Your help is appreciated.    We depend on donations to help keep this site free and up to date for you. Can you please help us?

Geum

See list of 10 species in this genus

Fresh petal color should be noted on herbarium collections because the color sometimes fades to a dingy yellow-white on old collections, regardless of the color in life. Petal length is an important character for identification. However, the petals do not reach a fully expanded size until the sepals are in a reflexed position for most species (i.e., measuring petal length while the sepals are ascending or merely spreading will result in a shorter measurement than is typical for the species). See Smedmark et al. (2003) for rationale of including Waldsteinia in Geum.

  • 1a. Flowering stems scapose or subscapose, with highly reduced stem leaves or lacking leaves altogether; styles ± straight, no portion conspicuously curved, not articulated or articulated at the base
    • 2a. Basal leaves with 3 leaflets, the lateral leaflets not or only somewhat smaller than 
the terminal leaflet; gynoecium with 2–6 (–10) carpels; styles deciduous at the base in fruit by an articulation point; petals 5–10 mm long
    • 2b. Basal leaves with 1 large terminal leaflet and 0–6 pairs of very small lateral leaflets; gynoecium with 30 or more carpels; styles persistent and plumose in fruit; petals 8–15 mm long
  • 1b. Flowering stems with evident, well-developed leaves; styles articulated near the middle, the basal part hooked at the tip and becoming indurate, the apical part usually deciduous
    • 3a. Epicalyx absent; cluster of achenes stipitate on a stalk 1–2 mm long, elevated above the persistent calyx; petals 1–2 mm long
    • 3b. Epicalyx present; cluster of achenes sessile or nearly so with respect to the calyx; petals 2–10 mm long
      • 4a. Sepals petaloid, purple to red-purple, ascending to erect at anthesis [Fig. 845]; petals erect to ascending; flowers somewhat to conspicuously nodding (becoming erect in fruit) [Fig. 845]
      • 4b. Sepals sepaloid, green, reflexed at anthesis [Figs. 842,843]; petals spreading; flowers erect
        • 5a. Petals yellow to orange-yellow
          • 6a. Basal segment of style minutely glandular [Fig. 844]; terminal segment of basal leaf blades suborbicular to reniform, truncate to cordate at the base, 
much larger than the lateral segments; pedicels minutely and densely puberulent, sometimes also with scattered, longer hairs; fruiting receptacle glabrous or inconspicuously short-pubescent, the carpel scars plainly visible on the denuded receptacle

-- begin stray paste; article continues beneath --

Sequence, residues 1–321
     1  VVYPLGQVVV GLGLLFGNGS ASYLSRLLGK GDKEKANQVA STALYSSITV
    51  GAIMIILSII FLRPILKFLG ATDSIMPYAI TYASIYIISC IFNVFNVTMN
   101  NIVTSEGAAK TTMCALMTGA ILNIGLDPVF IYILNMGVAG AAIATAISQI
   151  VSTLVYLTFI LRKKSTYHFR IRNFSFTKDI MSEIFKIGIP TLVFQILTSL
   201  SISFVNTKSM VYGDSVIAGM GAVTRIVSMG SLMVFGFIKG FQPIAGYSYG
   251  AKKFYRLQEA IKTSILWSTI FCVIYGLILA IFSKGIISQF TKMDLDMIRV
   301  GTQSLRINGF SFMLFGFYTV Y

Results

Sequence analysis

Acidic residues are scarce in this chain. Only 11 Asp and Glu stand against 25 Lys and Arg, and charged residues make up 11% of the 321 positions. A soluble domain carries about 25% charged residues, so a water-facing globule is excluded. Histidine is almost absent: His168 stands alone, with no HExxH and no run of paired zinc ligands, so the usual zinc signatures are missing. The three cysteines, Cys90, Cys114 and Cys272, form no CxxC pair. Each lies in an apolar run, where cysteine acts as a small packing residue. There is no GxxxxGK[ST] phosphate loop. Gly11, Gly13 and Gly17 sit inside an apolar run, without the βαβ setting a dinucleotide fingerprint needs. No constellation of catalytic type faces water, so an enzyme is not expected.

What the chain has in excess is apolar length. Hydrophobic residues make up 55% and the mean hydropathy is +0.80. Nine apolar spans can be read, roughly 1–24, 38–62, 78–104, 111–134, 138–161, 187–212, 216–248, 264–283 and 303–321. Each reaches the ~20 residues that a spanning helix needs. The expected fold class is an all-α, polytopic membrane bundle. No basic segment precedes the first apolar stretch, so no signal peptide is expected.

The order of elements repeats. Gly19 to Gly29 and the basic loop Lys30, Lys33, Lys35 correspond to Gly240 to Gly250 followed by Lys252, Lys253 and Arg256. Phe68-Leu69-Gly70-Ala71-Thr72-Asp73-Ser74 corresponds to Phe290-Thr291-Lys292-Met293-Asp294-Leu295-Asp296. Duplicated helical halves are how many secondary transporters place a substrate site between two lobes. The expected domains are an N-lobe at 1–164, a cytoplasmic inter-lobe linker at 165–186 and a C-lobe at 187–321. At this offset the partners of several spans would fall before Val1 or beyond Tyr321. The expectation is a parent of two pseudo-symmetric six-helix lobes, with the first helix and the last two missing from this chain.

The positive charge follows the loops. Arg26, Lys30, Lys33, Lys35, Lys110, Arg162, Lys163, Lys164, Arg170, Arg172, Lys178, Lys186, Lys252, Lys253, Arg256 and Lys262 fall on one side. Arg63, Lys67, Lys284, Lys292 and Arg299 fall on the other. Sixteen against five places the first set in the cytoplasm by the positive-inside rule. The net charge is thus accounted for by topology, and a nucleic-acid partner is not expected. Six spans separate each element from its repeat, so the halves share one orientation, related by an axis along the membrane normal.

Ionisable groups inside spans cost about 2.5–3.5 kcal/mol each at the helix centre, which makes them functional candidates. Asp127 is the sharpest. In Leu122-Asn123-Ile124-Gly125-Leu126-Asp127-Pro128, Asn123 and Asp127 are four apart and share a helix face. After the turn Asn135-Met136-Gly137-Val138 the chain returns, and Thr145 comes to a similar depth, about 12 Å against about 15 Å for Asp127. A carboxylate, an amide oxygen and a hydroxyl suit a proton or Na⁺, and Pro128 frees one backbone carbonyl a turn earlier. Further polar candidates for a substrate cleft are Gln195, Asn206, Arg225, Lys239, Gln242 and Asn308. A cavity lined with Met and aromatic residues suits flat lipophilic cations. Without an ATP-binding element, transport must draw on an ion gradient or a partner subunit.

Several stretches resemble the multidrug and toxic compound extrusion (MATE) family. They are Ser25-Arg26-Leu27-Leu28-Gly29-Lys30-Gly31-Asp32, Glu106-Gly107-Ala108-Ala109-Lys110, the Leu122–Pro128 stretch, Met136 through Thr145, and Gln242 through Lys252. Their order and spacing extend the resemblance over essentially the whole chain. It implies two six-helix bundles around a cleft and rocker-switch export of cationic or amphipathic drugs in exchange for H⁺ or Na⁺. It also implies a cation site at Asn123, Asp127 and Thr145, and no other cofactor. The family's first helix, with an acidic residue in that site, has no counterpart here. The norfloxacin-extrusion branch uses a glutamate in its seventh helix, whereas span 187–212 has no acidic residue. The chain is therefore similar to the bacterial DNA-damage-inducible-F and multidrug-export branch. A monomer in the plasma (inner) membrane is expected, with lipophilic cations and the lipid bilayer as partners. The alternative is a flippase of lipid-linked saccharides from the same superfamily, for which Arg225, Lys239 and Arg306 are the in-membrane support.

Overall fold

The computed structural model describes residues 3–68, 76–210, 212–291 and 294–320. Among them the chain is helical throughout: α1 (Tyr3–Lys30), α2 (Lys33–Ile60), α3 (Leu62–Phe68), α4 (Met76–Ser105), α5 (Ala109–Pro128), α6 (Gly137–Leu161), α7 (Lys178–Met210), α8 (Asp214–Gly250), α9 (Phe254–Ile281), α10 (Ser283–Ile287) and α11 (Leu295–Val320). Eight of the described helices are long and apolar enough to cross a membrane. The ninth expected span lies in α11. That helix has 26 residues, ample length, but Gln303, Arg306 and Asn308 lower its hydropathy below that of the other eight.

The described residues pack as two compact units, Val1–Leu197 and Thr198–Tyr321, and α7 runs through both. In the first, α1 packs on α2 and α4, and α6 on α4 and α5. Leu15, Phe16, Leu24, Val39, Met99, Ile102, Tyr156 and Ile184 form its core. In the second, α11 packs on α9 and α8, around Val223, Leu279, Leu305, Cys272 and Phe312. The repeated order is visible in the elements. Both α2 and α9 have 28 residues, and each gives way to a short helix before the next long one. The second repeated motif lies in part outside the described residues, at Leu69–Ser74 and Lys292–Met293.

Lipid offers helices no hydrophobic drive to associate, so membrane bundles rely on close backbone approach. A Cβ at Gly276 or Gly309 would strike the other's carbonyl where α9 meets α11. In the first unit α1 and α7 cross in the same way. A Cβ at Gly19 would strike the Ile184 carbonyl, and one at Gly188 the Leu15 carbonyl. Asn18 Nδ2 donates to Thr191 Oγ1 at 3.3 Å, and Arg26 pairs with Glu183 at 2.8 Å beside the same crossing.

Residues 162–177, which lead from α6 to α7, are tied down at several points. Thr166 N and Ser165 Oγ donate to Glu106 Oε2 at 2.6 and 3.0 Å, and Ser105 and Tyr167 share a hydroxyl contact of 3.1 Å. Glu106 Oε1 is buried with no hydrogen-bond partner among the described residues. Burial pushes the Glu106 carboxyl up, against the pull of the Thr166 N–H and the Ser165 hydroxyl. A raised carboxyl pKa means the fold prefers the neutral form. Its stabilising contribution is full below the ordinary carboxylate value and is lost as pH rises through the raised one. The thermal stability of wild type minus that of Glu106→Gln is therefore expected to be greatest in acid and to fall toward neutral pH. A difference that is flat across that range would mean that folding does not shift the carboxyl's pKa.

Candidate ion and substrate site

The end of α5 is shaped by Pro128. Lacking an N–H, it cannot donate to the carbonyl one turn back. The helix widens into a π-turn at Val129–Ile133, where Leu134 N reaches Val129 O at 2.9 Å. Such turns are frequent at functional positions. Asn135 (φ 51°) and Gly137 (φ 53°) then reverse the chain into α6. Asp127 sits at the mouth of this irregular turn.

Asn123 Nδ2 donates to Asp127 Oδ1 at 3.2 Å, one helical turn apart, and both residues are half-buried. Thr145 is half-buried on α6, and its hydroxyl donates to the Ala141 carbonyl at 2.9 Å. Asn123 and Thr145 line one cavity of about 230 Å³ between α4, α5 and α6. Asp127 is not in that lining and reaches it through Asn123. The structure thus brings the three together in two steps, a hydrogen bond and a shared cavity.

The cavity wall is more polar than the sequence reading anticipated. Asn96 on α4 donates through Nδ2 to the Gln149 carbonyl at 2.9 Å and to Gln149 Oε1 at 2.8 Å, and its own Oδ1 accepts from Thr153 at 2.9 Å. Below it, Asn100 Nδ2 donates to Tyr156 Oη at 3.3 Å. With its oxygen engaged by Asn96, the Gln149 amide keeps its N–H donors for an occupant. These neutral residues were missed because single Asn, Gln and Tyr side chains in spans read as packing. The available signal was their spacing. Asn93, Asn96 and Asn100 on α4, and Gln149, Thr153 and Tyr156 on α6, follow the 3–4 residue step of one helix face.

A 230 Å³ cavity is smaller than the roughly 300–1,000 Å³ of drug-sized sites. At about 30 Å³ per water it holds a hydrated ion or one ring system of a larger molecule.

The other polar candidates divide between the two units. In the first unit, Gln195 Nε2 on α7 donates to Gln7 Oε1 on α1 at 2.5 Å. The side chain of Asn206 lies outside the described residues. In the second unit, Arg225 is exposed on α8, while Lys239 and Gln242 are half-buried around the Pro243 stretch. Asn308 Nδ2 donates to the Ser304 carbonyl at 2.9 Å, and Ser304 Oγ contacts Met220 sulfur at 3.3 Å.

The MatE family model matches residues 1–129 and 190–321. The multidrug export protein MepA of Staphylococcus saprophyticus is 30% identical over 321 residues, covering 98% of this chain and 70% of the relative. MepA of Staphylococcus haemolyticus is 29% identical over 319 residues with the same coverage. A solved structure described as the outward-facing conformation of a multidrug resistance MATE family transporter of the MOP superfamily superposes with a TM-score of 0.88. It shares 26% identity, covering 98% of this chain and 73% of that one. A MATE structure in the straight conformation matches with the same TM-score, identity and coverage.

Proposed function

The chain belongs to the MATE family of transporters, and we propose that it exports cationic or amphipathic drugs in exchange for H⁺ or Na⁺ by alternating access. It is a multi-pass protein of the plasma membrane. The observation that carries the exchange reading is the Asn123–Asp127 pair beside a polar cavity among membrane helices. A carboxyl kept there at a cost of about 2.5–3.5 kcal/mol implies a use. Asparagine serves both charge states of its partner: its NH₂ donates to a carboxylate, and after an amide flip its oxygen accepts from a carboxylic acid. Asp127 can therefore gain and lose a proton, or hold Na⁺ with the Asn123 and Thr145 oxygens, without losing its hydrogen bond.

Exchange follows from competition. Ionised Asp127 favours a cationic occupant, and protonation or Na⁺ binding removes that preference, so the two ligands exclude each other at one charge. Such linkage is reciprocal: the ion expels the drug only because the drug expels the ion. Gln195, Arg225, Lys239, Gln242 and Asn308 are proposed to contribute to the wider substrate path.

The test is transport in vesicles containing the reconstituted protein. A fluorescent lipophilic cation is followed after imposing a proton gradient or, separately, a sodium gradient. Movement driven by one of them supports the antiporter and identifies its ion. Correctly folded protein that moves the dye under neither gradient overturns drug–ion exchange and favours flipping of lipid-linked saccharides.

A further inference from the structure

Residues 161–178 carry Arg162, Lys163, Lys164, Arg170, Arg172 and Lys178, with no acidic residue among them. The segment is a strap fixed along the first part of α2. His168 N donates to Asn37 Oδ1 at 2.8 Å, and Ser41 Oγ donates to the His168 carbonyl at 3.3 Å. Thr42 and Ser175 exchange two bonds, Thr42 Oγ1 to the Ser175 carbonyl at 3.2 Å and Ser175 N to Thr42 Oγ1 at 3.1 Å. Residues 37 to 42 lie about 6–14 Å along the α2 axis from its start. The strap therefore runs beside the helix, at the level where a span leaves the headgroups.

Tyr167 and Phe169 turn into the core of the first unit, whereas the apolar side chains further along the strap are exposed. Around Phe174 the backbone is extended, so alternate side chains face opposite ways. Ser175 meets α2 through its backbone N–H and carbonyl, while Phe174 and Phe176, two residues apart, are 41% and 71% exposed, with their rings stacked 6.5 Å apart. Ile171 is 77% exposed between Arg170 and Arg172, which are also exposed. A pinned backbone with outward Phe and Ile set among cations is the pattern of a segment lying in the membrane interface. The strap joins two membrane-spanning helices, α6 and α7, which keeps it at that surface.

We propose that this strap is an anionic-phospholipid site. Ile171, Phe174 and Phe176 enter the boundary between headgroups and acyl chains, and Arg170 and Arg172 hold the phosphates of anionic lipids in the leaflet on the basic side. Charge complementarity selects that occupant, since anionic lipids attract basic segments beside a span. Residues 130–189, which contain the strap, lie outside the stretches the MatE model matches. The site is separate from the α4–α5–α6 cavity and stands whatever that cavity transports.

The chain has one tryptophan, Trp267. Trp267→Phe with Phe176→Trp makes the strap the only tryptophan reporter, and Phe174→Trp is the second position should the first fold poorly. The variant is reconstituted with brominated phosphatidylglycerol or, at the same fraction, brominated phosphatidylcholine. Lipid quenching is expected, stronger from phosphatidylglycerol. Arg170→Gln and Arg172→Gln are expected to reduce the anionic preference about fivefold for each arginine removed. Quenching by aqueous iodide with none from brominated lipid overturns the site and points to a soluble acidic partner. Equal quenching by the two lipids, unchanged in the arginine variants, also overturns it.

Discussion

• 6b. Basal segment of style eglandular; terminal segment of basal leaf blades oblanceolate to obovate, cuneate at the base, not or scarcely larger than the lateral segments; pedicels both conspicuously hirsute and minutely puberulent [Fig. 842]; fruiting receptacle hirsute, the hairs partially obscuring the carpel 
scars on the denuded receptacle
            • 7a. Achenes usually numbering 200–250 per cluster, evidently spreading-pubescent near the base of the basal segment of style; petals (5–) 6–10 mm long; pedicels relatively stout, mostly thicker than 1 mm; stipules of stem leaves relatively small, conspicuously reduced compared with the leaflets; leaf teeth usually sharply pointed
            • 7b. Achenes usually numbering fewer than 100 per cluster, the basal segment of the style glabrous; petals 4–7 mm long; pedicels relatively slender, mostly thinner than 1 mm; stipules of stem leaves relatively large, ± appearing as a pair of leaflets set close to the stem; leaf teeth usually blunt to obtusely pointed
        • 5b. Petals white to yellow-white
          • 8a. Pedicels both conspicuously hirsute and minutely puberulent [Fig. 842], relatively stout, mostly thicker than 1 mm; basal leaf blades variable, but commonly with 3–7 principal leaflets (smaller leaflets also often present; sometimes with only 1 principal leaflet); achenes usually numbering more than 160 per cluster 
 [Fig. 842]
          • 8b. Pedicels minutely and densely puberulent, sometimes also with scattered longer hairs [Fig. 843], relatively slender, mostly thinner than 1 mm; basal leaf blades with usually 3 principal leaflets; achenes usually numbering 30–160 per cluster [Fig. 843]
            • 9a. Petals ochroleucous, 2–4 mm long, much shorter than the sepals; leaf 
teeth usually blunt to obtusely pointed; stem moderately hirsute (at least in the basal half)
            • 9b. Petals white, (3.5–) 4–9 mm long, nearly as long as or longer than the sepals; leaf teeth sharply pointed; stem glabrous or sparsely hirsute near 
the base

Show All Couplets

 Show photos of:   Each photo represents one species in this genus.